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Written by Adam Schachner - Special to the BT   
March 2013

The Purple Line, a new urban installation, imagines what commuter-train travel in Miami could look like

MPix_CommNews_PurpleLine_1iami waited almost 30 years for the Metrorail system to upgrade its destinations. This past July, county transit launched the Orange Line, and Miami’s elevated train started rolling toward the future; the formerly two-dimensional county bisector now sports multiple routes.

The Orange Line is a pragmatic addition to an aging line, branching off the standard railway for a quick jaunt to Miami International Airport. The program is direct and efficient, yet it represents the stunted progress that is characteristic of Miami’s vision for growth.

After all, the Orange Line is just one more stop on a limited line. Though useful and forward-thinking, the extra station is a baby step toward integrated transit reaching the expanse of Miami’s neighborhoods and demographics. A majority of communities are still inaccessible by train.

Commuters may have noticed some subtle changes. One particular aesthetic addition at each station: green and orange dots painted on the station benches. These spots are reminiscent of the markers for multiple transit lines at stations and hubs in transit-oriented cities. The dots are informative and attractive, but seem subdued when placed next to Metrorail maps detailing the two-directional route.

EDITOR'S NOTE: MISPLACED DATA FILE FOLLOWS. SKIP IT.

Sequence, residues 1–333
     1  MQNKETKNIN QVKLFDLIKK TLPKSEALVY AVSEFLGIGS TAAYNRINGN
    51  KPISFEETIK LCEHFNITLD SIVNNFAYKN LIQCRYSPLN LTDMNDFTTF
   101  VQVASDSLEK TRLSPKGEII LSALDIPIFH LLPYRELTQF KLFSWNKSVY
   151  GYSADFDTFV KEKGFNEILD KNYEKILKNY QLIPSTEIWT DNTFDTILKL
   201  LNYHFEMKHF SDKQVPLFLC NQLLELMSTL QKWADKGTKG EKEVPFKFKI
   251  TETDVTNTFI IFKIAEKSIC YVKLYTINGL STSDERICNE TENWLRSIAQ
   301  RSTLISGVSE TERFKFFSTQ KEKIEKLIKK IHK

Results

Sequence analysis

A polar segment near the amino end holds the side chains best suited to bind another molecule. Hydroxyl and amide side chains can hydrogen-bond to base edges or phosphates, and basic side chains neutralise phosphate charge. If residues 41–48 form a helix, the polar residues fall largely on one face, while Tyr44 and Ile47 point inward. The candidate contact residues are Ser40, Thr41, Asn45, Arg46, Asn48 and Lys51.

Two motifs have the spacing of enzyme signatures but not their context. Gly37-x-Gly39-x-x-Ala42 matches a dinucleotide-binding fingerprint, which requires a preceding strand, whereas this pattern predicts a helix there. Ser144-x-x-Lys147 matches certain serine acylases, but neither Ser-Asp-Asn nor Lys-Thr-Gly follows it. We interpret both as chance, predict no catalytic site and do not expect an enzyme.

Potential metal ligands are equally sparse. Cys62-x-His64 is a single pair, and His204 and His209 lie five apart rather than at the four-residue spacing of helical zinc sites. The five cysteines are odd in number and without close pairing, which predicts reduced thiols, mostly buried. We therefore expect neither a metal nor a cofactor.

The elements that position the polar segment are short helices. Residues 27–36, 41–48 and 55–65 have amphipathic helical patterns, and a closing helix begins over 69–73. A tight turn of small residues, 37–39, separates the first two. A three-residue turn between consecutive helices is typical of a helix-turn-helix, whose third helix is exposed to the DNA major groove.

Now imagine one more splash of color on the two-tone map: purple, as in Miami’s Purple Line.

The new station opens on Friday, March 8, in the Design District. A unique terminal will join Midtown and Buena Vista, and will offer the amenities and attractions of a proper central station. Food, vendors, and business space will provide commuters with services, while entertainment and commercial opportunities will keep the station lively.

The space is not just a mode for movement; it is a gathering place. Music, galleries, educational workshops, and outlets for civic engagement will make the Purple Line station Miami’s revolutionary transit hub. This innovation is a community fixture unlike any Miami has seen.

Perhaps this is because Miami-Dade Transit has no actual Purple Line in the works. The experimental station is part commuter activism, part civic engagement, and part pop-up art experience, illustrating what many Miami commuters crave: a transit stop with a cosmopolitan feel.

Go to your computer and Google the transit maps for train routes in major cities such as New York, Moscow, Tokyo, or Paris. All have railway cartography featuring multi-colored lines and circuits. These maps are as much informative commuter guides as modern art; they’d look beautiful framed and displayed in your living room. Miami’s map, by comparison, shows a lonely line, running up and down the county like an afterthought.

Pix_CommNews_PurpleLine_2The Purple Line draws attention to the life our transit map lacks.

On March 8 and 9, the Purple Line will convert the Design District’s Parking Lot 54, on NE 2nd Avenue under the I-195 overpass, from urban waste space into a Florida East Coast Railway terminal.

The project is primarily supported by the Miami Foundation, and initially conceptualized by urban planning graduate students from Florida Atlantic University. Anna McMaster, a student leading the effort, defines the Purple Line as a civic experiment and “educational exhibit in which people can tangibly experience, touch, and interact with an improved public space.”

Among the attractions provided by this installation is a chance to imagine Miami’s potential. A festive atmosphere will bring together a cross-section of Miami’s creative thinkers.